Back on the football front, Terry Eagleton wrote this for the Guardian,

Football: a dear friend to capitalism

The World Cup is another setback to any radical change. The opium of the people is now football

If the Cameron government is bad news for those seeking radical change, the World Cup is even worse.

If every rightwing thinktank came up with a scheme to distract the populace from political injustice and compensate them for lives of hard labour, the solution in each case would be the same: football. No finer way of resolving the problems of capitalism has been dreamed up, bar socialism. And in the tussle between them, football is several light years ahead.

Modern societies deny men and women the experience of solidarity, which football provides to the point of collective delirium. Most car mechanics and shop assistants feel shut out by high culture; but once a week they bear witness to displays of sublime artistry by men for whom the word genius is sometimes no mere hype. Like a jazz band or drama company, football blends dazzling individual talent with selfless teamwork, thus solving a problem over which sociologists have long agonised. Co-operation and competition are cunningly balanced. Blind loyalty and internecine rivalry gratify some of our most powerful evolutionary instincts.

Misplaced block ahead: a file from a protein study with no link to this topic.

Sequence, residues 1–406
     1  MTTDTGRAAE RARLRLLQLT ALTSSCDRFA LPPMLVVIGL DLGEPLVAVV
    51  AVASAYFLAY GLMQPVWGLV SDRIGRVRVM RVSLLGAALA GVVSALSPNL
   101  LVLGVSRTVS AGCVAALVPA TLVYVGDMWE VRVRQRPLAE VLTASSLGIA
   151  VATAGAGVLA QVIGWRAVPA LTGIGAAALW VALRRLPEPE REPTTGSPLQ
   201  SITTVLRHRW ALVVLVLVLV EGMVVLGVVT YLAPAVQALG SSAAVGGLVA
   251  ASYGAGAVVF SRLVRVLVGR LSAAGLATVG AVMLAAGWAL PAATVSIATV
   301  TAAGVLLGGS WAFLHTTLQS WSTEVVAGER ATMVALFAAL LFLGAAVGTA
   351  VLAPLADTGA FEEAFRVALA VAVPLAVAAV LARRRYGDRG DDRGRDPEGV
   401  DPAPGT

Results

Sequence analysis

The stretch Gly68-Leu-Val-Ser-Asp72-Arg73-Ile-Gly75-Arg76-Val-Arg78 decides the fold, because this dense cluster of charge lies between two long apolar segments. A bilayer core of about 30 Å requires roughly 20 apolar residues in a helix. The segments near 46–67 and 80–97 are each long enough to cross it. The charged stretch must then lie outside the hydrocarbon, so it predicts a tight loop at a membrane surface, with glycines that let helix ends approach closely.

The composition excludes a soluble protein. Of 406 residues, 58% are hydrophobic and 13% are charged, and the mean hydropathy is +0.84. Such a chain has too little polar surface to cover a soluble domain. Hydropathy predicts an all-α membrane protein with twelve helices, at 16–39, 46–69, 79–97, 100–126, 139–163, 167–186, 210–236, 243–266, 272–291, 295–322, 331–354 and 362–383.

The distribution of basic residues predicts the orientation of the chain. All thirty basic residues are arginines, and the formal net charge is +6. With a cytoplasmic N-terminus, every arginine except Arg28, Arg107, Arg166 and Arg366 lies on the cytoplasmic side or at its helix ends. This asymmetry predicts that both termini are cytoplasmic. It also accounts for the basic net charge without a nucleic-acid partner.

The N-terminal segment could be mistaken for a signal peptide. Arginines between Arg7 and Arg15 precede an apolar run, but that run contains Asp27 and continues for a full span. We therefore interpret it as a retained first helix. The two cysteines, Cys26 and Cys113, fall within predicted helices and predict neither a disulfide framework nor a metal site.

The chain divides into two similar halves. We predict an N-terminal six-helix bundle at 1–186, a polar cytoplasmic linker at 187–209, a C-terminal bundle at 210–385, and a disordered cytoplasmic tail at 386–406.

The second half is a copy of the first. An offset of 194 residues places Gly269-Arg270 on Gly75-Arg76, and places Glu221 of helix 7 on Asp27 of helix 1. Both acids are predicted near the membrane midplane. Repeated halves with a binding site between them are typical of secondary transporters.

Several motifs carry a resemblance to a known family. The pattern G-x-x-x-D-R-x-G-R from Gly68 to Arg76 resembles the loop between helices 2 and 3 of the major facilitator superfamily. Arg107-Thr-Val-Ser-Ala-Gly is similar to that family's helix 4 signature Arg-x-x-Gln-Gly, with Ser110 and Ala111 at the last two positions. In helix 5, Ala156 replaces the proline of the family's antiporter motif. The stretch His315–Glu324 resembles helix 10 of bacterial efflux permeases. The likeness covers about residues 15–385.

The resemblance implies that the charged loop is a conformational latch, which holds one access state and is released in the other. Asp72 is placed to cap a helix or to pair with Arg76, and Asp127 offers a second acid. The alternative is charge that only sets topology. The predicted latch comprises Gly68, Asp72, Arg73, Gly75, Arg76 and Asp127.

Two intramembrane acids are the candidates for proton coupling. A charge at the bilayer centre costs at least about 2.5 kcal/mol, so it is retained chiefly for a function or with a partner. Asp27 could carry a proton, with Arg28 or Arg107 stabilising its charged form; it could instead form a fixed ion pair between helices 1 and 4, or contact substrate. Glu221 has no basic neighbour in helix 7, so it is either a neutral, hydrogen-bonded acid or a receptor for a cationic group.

In a social order denuded of ceremony and symbolism, football steps in to enrich the aesthetic lives of people for whom Rimbaud is a cinematic strongman. The sport is a matter of spectacle but, unlike trooping the colour, one that also invites the intense participation of its onlookers. Men and women whose jobs make no intellectual demands can display astonishing erudition when recalling the game's history or dissecting individual skills. Learned disputes worthy of the ancient Greek forum fill the stands and pubs. Like Bertolt Brecht's theatre, the game turns ordinary people into experts.

Like some austere religious faith, the game determines what you wear, whom you associate with, what anthems you sing and what shrine of transcendent truth you worship at. Along with television, it is the supreme solution to that age-old dilemma of our political masters: what should we do with them when they're not working?

Over the centuries, popular carnival throughout Europe, while providing the common people with a safety valve for subversive feelings – defiling religious images and mocking their lords and masters – could be a genuinely anarchic affair, a foretaste of a classless society.